Almost six decades later, Gumatj sisters Nyapanyapa Yunupingu and the late Barrupu Yunupingu began to make bark paintings that transformed the idea of Yolngu art, formerly the preserve of men. They broke free of replicating preordained minytji (sacred designs) and ordered sequences of crosshatching. Barrupu, a painter of vigorous diamond gestures that encode fire, and Nyapanyapa, a compulsive maker of marks, are Gumatj artists known for their paintings of tonal nuance, irregularity of surface and gestural freedom. Painting in natural ochres on individual sheets of stringybark was in itself an innovation devised and refined by generations of artists across Arnhem Land, in response to European contact. Of vital significance in this respect was anthropologist Baldwin Spencer’s 1913 commissioning of Gagudju artists to paint figurative images on bark similar to those on their bark wet-season shelters and on rock faces of the escarpment. These pioneering artists shared elements of their culture with balanda (Europeans), initiating a political dialogue between black and white, which continues unabated in Indigenous Australia through the mediums of art, music, drama and literature.

Contemporary city-based artists Brook Andrew, Reko Rennie and Jonathan Jones adopt the language and mediums of contemporary art and popular street culture to give visibility to customary visual and spoken language, to challenge and subvert negative and romantic stereotypes of Indigenous people, and to comment on the racial politics of postcolonialism. Their bold use of neon and fluorescent light juxtaposed against the matte materiality of ochre works on stringybark by Nyapanyapa Yunupingu and Barrupu Yunupingu challenges preconceptions of what Indigenous art should look like and mean and encourages the viewer to question narrow definitions of contemporary art that exclude artists who prefer to work with customary media and iconography.

Place and identity in postcolonial Australia

The optimistic figurative landscapes of self-taught ‘outsider’ artists Robert Campbell Junior, Ian Abdulla and Trevor Turbo Brown narrate the artists’ personal experiences of colonialism in pictures of their own making. Equally inventive artists Ginger Riley Munduwalawala, from South East Arnhem Land, and Billy Benn Perrurle, of Harts Range, Central Australia, by contrast, encountered the great Arrernte watercolourist Albert Namatjira while working as stockmen in the Northern Territory and were inspired to create their own forms of landscape painting, which celebrate his legacy. Namatjira, the first Aboriginal artist to be included in the biographical book series Who’s Who in Australia, met Anmatyerre artists Tim Leura Tjapaltjarri and Clifford Possum Tjapaltjarri in 1959 at Papunya, a government settlement north-west of Alice Springs, and introduced them to watercolour technique, which influenced pictorial elements of their painting practice and is exemplified by the artists’ Spirit Dreaming through Napperby Country, 1980. This epic vision of their life experience as hunters and artists traversing their homeland, which had been usurped and turned into a pastoral station, was included in the first Australian Perspecta exhibition at the Art Gallery of New South Wales in 1981, signalling the transition of Indigenous art to the mainstream.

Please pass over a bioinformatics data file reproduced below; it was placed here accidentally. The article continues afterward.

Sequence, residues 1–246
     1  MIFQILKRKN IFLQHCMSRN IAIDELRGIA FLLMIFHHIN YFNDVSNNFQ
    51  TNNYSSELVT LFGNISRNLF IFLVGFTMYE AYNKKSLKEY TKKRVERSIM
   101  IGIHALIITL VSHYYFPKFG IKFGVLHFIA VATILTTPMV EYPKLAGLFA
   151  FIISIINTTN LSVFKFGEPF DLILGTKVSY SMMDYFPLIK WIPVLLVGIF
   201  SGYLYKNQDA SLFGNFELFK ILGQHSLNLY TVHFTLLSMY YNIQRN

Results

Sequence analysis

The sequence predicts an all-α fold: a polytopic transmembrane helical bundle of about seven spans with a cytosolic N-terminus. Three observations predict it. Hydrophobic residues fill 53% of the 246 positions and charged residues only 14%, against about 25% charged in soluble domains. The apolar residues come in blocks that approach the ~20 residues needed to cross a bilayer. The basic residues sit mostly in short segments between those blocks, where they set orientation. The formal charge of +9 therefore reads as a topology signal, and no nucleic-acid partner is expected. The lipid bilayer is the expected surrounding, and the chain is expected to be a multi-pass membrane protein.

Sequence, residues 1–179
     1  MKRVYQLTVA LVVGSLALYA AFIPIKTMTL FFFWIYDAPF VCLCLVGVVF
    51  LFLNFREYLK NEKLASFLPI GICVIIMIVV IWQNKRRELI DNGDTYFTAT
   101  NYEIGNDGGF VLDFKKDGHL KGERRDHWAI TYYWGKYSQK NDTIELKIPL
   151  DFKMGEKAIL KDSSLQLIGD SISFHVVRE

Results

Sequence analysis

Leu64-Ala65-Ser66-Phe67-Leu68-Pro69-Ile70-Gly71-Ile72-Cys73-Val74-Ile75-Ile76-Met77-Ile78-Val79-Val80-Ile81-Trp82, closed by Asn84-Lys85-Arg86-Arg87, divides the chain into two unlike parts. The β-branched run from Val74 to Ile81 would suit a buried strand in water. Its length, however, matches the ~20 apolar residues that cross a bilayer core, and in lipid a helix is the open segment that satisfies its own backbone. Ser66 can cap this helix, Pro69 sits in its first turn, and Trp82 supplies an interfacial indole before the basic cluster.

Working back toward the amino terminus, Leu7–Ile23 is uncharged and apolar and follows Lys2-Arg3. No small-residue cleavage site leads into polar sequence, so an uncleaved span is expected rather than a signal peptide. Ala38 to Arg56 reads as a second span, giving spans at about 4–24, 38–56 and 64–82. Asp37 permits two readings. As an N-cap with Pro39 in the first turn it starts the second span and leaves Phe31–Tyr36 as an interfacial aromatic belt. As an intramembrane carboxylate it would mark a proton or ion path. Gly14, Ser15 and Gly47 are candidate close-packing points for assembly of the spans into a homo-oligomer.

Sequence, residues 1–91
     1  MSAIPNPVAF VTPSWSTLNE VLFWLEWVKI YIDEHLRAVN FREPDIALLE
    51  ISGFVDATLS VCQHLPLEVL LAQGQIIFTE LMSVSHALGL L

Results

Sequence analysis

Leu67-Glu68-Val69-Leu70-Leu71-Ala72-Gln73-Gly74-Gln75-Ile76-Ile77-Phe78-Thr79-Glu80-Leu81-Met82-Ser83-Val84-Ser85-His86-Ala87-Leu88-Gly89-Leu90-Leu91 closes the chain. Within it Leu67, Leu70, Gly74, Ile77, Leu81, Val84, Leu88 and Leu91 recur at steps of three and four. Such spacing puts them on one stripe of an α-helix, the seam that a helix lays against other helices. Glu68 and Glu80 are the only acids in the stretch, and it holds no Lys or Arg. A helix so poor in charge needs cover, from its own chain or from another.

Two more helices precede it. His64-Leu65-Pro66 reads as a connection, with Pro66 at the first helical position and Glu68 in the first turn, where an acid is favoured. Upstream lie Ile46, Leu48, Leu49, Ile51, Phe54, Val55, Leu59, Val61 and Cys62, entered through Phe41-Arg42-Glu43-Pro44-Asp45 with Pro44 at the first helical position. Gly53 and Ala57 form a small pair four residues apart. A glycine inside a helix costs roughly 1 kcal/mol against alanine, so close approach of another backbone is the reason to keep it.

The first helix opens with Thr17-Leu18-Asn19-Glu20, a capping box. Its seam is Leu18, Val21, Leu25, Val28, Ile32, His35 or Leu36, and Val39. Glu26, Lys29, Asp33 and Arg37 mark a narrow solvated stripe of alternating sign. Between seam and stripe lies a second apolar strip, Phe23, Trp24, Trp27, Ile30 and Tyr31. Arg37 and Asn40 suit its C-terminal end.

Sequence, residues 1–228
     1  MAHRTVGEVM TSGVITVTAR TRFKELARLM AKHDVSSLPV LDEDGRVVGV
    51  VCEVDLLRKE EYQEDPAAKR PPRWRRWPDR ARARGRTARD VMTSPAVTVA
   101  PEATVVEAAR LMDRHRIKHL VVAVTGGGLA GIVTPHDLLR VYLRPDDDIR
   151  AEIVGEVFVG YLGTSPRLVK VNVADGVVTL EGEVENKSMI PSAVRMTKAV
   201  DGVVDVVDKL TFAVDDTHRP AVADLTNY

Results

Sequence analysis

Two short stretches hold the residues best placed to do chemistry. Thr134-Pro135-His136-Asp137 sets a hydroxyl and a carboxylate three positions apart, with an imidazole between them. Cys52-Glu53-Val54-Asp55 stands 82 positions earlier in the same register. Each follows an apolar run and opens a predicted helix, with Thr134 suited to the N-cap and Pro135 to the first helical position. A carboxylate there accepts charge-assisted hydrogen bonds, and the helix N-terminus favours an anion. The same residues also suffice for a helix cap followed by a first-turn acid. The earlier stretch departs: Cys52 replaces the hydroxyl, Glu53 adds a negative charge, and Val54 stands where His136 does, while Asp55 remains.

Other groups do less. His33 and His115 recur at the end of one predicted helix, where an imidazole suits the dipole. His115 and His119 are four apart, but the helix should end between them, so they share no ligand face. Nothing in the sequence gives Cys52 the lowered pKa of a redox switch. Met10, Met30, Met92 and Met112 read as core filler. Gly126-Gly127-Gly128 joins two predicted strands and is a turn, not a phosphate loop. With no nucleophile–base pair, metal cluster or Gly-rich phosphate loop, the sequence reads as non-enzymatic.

Artists living on Country across Arnhem Land create hollow logs (customary mourning objects) that display designs symbolic of identity and place for contemporary art contexts. The transformation of bone coffins into art objects was popularised by the powerful political statement of The Aboriginal Memorial, 1987–88, made for the Bicentennial of 1988 and shown as part of that year’s Biennale of Sydney.4 The original installation of The Aboriginal Memorial took place in the end section of Pier 2/3, a nineteenth-century enclosed wharf structure that projects into Sydney Harbour, located only about a kilometre away from the original landfall of the colonial settlers. The work comprises 200 hollow log coffins from Central Arnhem Land that signify Indigenous deaths and loss during 200 years of white contact. By contrast, Michael Cook’s cinematic Invasion series of 2018 re-imagines the colonisation of Australia, recasting the invaders as oversized Australian animals and UFOs and the invaded as 1960s residents on the streets of London.

Western Desert artists transform ephemeral ritual designs into modern art

In 1971‒72, the artists who would become the founding members of the Papunya Tula Artists company transformed previously ephemeral ritual designs from body, ground and object into startling paintings of bold geometry and multiple dots that defied then-known forms of Aboriginal art. Through the creation of these acrylic works on scraps of board, artefact became art. Artists used a visual language of concentric circles, geometric symbols and dots to conceptualise place and the presence or trace of creator ancestors who entered into and became the land. Papunya Tula Artists, established in 1972, was a precedent for numerous Indigenous-owned art centres now operating successfully across Aboriginal Australia and the Torres Strait.